Developing a Quarterback–Part I
At the end of the summer of 1985, I had just completed an incredible run as a utility player for the Stanford Cardinal baseball team and was contemplating a few of life’s important questions: Why didn’t God give me better hand-eye coordination? Who would want to marry an over-achieving, seldom-used college player? And, what should I do for a living?
The legendary Bill Walsh, at that time a two-time Super Bowl winning head coach for the San Francisco 49ers, was holding a quarterbacks camp for “invitees only,” at Santa Clara University. My buddy, Tim Ammonetti, was a football player for Stanford and knew I wanted to be a football or baseball coach some day.
“Timmy” pulled a few strings and I placed a phone call to a former coach, both of which weaseled me into an invite.
The gathering was in a classroom with stadium-like seating and I sat on the front row. I had arrived 45 minutes early and watched as coach Walsh set up the projector which he would run and stop during the 90 minute presentation. He also set up one of those mobile chalk boards in which he would diagram the basics of the West Coast offense for us “invitees.”
Because I was the only guy in the room at the time, he introduced himself as “Bill Walsh,” and asked me what my coaching experience had been so far? “I’ve never really coached,” I said lamely. His repsonse has stuck with me for the past 27 years. “Of course you’ve coached,” he stated. “We are all coaches, some are just better at it than others.” He then looked me in the eye and squeezed my left shoulder. I was the student and he was the master. I was an immature Luke Skywalker and he was Yoda.
The room slowly filled with high school and local college coaches with a few prep quarterbacks in attendance. Of note in attendance were Joe Montana, John and Jack Elway, 49er running back Paul Hofer and Tampa Bay QB Steve DeBerg. We all took notes like law students in front of the famed professor. I knew I was in the presence of greatness, but was never one to feel in awe because of someone’s fame. I knew they were great and I wasn’t all that great and that the Universe had arranged in that way.
For whatever reason both Hofer and coach Walsh took an interest in this young Jedi and eventually I had inside access to the San Francisco 49ers, their summer practices and film sessions. However, I never saw a playbook nor did I ever seek one out. Honestly, I don’t know if a West Coast offensive playbook existed. I’m sure it did, I was just never privy to the classified material.
The West Coast offense is a concept of routes labeled with a number sequence of one through nine with adjustments according to what the defense is doing. If you learn the route sequence, the spacing, the cuts and double moves, then a receiver is always open. “The defense is always wrong,” Walsh would later say. “Teach your quarterback to see it, exploit it and execute it. And don’t let him make excuses. Tell him to go into politics if he starts making excuses.”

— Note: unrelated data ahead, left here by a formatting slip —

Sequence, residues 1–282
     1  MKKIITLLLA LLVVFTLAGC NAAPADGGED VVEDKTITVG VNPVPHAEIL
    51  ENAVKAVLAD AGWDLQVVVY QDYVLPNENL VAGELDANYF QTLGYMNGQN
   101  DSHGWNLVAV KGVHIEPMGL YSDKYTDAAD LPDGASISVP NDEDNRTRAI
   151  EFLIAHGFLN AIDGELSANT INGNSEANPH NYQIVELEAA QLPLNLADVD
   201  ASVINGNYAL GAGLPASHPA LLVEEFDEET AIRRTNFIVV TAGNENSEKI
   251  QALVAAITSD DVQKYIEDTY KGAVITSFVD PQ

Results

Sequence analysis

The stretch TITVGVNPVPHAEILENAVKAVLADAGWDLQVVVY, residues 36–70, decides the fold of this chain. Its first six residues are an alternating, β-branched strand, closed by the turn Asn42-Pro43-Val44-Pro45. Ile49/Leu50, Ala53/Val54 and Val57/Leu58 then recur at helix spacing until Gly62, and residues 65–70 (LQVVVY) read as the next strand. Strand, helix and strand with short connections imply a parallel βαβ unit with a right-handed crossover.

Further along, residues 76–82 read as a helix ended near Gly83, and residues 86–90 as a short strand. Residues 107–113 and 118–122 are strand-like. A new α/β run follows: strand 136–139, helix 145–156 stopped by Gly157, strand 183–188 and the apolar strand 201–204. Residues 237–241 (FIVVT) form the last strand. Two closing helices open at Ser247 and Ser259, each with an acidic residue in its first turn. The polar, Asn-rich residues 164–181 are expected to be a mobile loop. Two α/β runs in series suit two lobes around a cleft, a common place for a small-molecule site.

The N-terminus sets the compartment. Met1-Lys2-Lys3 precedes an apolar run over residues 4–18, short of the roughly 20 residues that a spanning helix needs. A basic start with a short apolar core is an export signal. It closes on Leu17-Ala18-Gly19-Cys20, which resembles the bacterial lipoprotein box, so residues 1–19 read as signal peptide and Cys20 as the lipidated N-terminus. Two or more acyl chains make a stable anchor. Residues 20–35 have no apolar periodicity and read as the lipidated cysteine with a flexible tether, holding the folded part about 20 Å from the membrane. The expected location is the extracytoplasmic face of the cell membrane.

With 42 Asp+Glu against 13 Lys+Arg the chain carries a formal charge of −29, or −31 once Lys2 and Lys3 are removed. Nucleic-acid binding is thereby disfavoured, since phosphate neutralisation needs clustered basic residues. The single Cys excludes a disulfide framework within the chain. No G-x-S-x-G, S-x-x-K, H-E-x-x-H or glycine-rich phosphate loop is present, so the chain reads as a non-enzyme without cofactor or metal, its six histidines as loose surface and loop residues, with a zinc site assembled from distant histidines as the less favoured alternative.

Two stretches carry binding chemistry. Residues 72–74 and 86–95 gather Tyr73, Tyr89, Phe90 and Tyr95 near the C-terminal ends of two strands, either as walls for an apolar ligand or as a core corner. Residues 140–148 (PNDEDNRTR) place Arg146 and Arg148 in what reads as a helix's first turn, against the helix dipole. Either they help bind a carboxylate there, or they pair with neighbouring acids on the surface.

Obviously, coaches since Walsh have made adjustments to the West Coast offense, more in language than concepts, but the ideas and principles remain the same.
The first thing coach Walsh said to the group in that room at Santa Clara University was “The most important player on a football team is the quarterback. Gentleman, if you want to win, then consider it priority one to develop your quarterback.”
He then showed film of Joe Montana and his five-step drop. He talked about the snap exchange, how the quarterback is to open his hands and take the ball in unison with the center giving the ball, all in perfect sequence. The important step back was the first and it was to be the biggest gap of the five step drop. Walsh explained the position of the toes in relation to the shoulders, the position of the ball in the hands, not hand, but hands; the forefinger at the front of the threads, the hitch step or steps up into the pocket depending on the route call, hot read and defensive coverage and blitz.
The quarterback was to stand tall, on his toes, with the ball up by his right ear, unless he’s left handed, before releasing it above the ears as he was to push off the back foot and throw from the core and hips like a pitcher in baseball, only without the benefit of a wind up. However, the quarterback doesn’t step as long into a throw, he steps through a throw. The body throws the ball, not the arm.
It was all choreographed and scripted. Walsh then turned some time over to Joe Montana who showed how Freddy Solomon and Dwight Clark would run routes, then adjust routes as Montana would scramble out of the pocket with his eyes down field looking left to right, scanning the defense, knowing that his receivers would be working their way back to him in open space.